Vishnuvardhan and Ananth Nag. While Nag is a natural actor and is sans artificiality both on and off screen, Vishnuvradhan was a warm person. He was graceful and I'm ever grateful to him for if not for him, I would have not got the comic and popular role in Neenu Nakkare Haalu Sakkare. And how can I forget the Baare santhege hogana baa song that we both shot for?


Image: Vinaya Prasad with Vishnuvardhan in Aptharakshata

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'It hurts to see how heroines are mostly limited to dance numbers'

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What are your current projects?

I am working in a lot of Telugu movies. In Kannada, I just have one film, FM Radio. The other scripts that came to me had nothing much to offer.

How do you think heroines and character artists are portrayed in today's film?

It hurts to see how heroines are mostly limited to dance numbers. Films are all about heroism these days in our industry. Even the screen space given to character artists is limited. Even when a character artist is saying his/her lines, it's the hero's face that is shown. The modulation and reactions given by other characters are wasted.

How have you seen the film industry change over the years?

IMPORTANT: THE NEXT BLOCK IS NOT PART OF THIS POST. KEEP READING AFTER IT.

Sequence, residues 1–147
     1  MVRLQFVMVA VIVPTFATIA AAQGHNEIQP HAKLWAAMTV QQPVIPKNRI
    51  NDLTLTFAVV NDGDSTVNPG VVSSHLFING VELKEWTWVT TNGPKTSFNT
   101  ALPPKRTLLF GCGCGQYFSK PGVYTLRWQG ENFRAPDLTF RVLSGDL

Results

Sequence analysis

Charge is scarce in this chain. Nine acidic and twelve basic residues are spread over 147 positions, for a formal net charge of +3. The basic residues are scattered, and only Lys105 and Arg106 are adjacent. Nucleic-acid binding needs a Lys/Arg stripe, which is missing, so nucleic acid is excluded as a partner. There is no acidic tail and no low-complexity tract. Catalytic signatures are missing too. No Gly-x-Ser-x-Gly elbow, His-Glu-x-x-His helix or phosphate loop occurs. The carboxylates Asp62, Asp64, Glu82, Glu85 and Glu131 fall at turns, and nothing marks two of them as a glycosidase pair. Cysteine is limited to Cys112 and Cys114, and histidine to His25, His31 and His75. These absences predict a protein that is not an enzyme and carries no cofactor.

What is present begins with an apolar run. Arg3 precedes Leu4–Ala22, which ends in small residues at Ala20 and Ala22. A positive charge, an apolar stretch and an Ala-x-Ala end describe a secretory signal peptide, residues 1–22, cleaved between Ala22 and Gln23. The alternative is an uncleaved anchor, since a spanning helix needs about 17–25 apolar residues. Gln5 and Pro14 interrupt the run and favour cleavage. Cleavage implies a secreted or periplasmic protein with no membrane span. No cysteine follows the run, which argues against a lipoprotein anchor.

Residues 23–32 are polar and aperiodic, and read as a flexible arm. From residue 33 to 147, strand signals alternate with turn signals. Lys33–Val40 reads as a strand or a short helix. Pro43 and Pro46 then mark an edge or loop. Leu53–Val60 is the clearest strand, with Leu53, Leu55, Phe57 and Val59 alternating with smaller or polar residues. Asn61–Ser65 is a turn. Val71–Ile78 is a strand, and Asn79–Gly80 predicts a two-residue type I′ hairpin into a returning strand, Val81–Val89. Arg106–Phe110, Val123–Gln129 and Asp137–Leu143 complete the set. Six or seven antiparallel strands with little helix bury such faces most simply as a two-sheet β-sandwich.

In today's films, stories have taken a back seat. Lack of scene order is the other issue we are facing. In today's industry, cinema is more about business rather than relationships. It is very difficult to hold any conversation keeping aside a business angle.

What do you do in your free time?

I listen to music and even practice light music. I am a fan of S Janaki. I also read books, especially poetry. I am fond of Jayanth Kaikini's writings.

I am also planning to direct a family entertainer so I use my free time to work on the script. Long after Prasad's death, I married Jyothi Prakash Athre, a creative director, and together we are working on this project. Also through my production house, I want to hold shows where light and folk songs will be sung in rural areas. I wish to popularise famous poems and poets through these shows. I also plan to launch chat shows and musical programmes on television.


Image: Vinaya Prasad